Employees’ Speech Protected by Facebook


Photo from Mashable

Posted by Jackie Wallentin

Jim Smith: “My boss sucks. He doesn’t know how to do his job. I hate this company. Let’s boycott. Petition to impeach?”

Jim’s boss sees this post on Facebook. He sees that other employees have also commented, agreeing that he fails at his job. He sees that nine people have liked the status and that many more will before the night is over. Can he fire Jim for emotional distress or hateful speech?

According to The National Labor Relations Board, Jim’s speech is protected. The independent agency has declared Facebook posts as protected speech within the First Amendment, even speech that is hurtful or negative.

The statement developed out of a lawsuit involving such a case. NLRB represented an employee after her boss fired her for a post containing vulgar language about the company’s management. The comments were done outside the work place on her personal computer. Her termination was unwarrented. The agency says prohibiting such social media is a violation of labor laws to protect employees’ right to discuss work, salaries and conditions.

Although I would never suggest one relieve frustration about work in an open forum, I do believe employees’ speech should be protected. Employees have the right to voice their opinions in the workplace. What makes the Internet any different?

The line between work and home blurs with each new social media site, phone app or conversation website. Employees friend colleagues on Facebook. People tweet about their workdays from the office. On lunch breaks, some may upload photos to Flickr or write a quick blog. Where does work begin and social media end? Can you only have one at a time?

I don’t believe employers have the right to enforce policies for speech made about them using social media. Such regulations would detract from the workplace, cause unnecessary barriers between employees and those above.

A simple solution: basic etiquette. Employees should avoid using social media on the company’s clock excessively, except if social media is essential to the job, of course. If negative comments are imminent, one should discuss them with a colleague privately or send an email. Broadcasting one’s dislike or contempt for a boss or fellow office worker in a public online forum is unprofessional.

With the age of social media quickly infiltrating all aspect’s of our lives, will there be a time when we are unable to turn our social media ‘selves’ off? Has that time already come?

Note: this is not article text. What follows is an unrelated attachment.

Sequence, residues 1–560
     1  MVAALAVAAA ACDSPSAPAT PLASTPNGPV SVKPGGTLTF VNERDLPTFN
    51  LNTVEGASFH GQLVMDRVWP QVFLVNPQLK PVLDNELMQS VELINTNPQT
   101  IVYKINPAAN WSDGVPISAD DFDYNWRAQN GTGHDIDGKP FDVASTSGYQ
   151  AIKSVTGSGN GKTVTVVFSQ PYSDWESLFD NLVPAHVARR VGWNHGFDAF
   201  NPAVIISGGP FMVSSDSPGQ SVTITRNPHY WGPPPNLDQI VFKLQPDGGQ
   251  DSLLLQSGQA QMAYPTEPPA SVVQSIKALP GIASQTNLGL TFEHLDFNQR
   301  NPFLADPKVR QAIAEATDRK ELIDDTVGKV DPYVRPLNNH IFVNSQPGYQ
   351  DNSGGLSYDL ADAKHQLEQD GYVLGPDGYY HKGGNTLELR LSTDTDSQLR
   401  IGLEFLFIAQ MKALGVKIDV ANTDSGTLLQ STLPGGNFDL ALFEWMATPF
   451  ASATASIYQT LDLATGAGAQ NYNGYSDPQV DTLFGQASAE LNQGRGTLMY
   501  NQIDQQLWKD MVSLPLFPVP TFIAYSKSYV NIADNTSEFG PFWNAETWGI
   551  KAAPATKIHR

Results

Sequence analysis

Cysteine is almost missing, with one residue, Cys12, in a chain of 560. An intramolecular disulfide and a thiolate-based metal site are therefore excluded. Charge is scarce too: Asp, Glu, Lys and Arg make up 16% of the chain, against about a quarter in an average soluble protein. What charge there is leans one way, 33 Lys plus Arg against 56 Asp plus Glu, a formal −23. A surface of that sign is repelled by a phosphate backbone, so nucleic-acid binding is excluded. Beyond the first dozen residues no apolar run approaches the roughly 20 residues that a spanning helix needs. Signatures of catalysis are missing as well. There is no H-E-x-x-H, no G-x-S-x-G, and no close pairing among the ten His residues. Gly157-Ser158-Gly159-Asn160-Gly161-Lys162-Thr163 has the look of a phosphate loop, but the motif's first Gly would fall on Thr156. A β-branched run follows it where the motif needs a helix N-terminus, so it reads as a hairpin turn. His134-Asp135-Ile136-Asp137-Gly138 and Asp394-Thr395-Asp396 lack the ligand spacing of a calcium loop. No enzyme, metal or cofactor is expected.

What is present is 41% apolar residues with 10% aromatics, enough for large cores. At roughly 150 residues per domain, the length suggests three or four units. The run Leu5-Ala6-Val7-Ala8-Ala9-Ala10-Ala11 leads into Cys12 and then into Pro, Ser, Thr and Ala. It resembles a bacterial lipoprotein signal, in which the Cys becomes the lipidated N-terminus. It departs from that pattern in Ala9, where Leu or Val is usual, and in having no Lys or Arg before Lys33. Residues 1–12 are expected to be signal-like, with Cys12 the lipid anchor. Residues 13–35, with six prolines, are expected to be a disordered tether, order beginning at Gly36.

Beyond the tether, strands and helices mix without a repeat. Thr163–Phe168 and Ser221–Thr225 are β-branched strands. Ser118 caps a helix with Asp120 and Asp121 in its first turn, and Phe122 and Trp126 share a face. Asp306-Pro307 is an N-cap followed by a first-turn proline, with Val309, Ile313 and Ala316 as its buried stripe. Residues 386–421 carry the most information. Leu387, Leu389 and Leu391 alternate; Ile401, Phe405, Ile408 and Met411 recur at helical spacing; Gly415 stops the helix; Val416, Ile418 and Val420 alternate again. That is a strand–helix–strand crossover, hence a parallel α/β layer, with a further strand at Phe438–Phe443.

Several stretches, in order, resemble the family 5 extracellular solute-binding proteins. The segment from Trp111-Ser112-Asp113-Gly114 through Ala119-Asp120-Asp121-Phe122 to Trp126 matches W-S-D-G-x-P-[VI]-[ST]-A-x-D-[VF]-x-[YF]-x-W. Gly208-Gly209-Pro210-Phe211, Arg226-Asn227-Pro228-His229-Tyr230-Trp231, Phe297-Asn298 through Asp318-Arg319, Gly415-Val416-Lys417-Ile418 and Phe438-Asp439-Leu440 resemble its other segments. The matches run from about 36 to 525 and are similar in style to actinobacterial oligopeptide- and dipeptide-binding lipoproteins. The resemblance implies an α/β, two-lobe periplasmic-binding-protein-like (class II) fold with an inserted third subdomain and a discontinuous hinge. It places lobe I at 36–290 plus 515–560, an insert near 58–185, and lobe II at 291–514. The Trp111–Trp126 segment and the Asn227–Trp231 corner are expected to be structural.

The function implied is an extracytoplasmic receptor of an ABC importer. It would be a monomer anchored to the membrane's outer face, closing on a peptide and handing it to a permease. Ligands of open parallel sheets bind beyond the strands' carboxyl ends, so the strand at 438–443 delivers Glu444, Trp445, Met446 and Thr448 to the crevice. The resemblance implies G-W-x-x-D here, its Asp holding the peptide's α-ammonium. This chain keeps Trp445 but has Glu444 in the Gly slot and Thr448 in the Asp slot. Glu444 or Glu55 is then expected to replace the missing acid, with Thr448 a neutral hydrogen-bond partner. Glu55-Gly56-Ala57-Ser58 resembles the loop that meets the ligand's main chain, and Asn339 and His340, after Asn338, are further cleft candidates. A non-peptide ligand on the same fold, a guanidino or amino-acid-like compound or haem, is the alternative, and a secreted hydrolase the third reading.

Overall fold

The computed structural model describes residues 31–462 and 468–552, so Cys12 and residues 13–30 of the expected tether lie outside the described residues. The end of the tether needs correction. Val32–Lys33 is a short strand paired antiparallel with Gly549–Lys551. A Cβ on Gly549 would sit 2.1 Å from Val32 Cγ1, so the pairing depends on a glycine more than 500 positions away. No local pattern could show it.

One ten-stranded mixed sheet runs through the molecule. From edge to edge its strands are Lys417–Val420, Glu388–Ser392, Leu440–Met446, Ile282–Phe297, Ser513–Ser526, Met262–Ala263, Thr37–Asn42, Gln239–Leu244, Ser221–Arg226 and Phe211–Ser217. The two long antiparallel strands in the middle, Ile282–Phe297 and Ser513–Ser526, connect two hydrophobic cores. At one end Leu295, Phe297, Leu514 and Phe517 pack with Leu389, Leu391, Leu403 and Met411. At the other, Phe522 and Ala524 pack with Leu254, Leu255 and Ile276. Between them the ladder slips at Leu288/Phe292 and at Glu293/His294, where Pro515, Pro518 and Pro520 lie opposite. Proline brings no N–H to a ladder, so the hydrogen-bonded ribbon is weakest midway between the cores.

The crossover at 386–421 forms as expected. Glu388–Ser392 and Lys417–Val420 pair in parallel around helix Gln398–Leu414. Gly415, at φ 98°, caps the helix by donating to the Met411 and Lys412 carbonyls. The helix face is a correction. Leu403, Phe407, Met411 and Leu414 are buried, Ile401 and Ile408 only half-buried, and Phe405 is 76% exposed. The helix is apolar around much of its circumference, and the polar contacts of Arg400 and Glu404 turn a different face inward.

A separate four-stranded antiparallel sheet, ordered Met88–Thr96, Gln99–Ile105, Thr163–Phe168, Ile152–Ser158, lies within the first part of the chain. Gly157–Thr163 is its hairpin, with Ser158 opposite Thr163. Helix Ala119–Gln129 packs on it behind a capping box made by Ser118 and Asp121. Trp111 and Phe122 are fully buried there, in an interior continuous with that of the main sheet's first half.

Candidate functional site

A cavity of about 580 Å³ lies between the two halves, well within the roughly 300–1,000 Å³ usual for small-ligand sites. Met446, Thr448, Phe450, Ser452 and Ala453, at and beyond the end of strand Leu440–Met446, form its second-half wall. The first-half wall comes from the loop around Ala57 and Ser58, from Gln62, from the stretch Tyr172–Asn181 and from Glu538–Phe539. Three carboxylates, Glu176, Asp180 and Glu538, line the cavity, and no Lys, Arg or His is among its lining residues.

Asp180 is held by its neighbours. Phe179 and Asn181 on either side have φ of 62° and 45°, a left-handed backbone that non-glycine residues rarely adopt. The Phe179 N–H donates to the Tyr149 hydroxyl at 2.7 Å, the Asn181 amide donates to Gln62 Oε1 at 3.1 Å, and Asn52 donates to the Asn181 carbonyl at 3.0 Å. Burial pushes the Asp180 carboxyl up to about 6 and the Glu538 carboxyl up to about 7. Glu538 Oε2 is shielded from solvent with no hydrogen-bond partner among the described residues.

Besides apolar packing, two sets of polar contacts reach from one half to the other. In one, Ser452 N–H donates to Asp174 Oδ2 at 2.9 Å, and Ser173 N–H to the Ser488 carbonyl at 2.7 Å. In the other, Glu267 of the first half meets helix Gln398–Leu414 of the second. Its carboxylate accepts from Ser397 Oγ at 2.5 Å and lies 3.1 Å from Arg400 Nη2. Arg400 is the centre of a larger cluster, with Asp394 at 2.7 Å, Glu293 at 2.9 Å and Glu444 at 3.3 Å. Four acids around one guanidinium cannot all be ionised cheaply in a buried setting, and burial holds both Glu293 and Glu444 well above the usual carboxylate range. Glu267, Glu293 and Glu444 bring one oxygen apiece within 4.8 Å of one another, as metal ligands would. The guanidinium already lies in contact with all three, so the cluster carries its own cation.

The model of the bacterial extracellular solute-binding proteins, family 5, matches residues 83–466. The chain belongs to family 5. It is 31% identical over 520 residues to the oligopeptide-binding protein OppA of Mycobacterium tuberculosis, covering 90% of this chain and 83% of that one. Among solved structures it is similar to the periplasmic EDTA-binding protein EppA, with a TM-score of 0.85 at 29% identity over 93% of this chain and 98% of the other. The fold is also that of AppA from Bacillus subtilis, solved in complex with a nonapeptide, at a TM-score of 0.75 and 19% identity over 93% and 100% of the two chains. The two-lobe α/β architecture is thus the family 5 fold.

For those unable to control themselves, find comfort in the First Amendment. Although Thomas Jefferson never had a Facebook, his idea of liberty protects our right to free speech and protects us against our own stupid comments.



5 responses to “Employees’ Speech Protected by Facebook

  1. I think employers have every right to set ground rules for what is said about the business on social media sites because posting something on Facebook and especially Twitter is more like sending a message out to the public. You can’t easily control who sees it. It could get to anybody you may have friended.

    If the statement is detrimental to the company’s image, it can do plenty of damage. Basic lesson for all employees: don’t jeopardize your employer’s image.

    Employees whine about working conditions, rules and bosses all the time in break rooms. If you trust the people you’re with, you can talk freely and know that your bosses won’t hear because there are walls. Well, the Internet has very few walls. The walls that do exist sometimes fall down. Facebook is not private and Twitter is basically a bunch of people on soap boxes on one busy street corner. It’s all more public than private.

    Employers choose who to hire based on how you conduct yourself on Facebook. I think they should have a say in how you conduct yourself as one of their employees.

  2. A lot of it’s on the employers. They need to make clear that this stuff isn’t allowed while on the job. Even though the employee should probably know that as well, the employers need to lay it out. A lot of Twitter and Facebook is becoming more public. It isn’t the most controllable method of communication. Even news stories have been made out of tweets by people. Like Tim said, don’t jeopardize the employer, because in the end, they control your job and what happens there. Even though the speech is protected, if they catch wind of something they don’t like, while they may not be able to fire you, they can sure do a few other things instead.

  3. I appreciate your argument and differing viewpoint. I definitely see where you are coming from. I know that employers do look at candidate’s Facebooks, Twitters, etc. and that to gain a job, one’s online profiles must be clean and presentable. I guess my distinction is after one gets the job. I agree that statements made online can damage a company’s image. I understand that one must respect others while at work or away, and I advocate for mutual respect. But I am uneasy to approve the total restriction of one’s free speech online because of an occupation.

  4. What an interesting situation you pointed out Jackie. I completely agree that employees’ speech should be protected and I’m glad that it is. People should have the right to voice their opinion and it’s good to know that the law is modern enough to even include facebook. As journalists we must always protect the first amendment.

  5. Jessica Anderson

    I like your solution of basic etiquette. This entire dilemma could be resolved if people would act respectfully and save their critiques for personal conversations with their bosses or fellow employees. Leaving a paper trail is never a good idea. I think that using social media to criticize bosses or coworkers is just the tip of the iceberg though. I anticipate it will really blow up with harassment cases.

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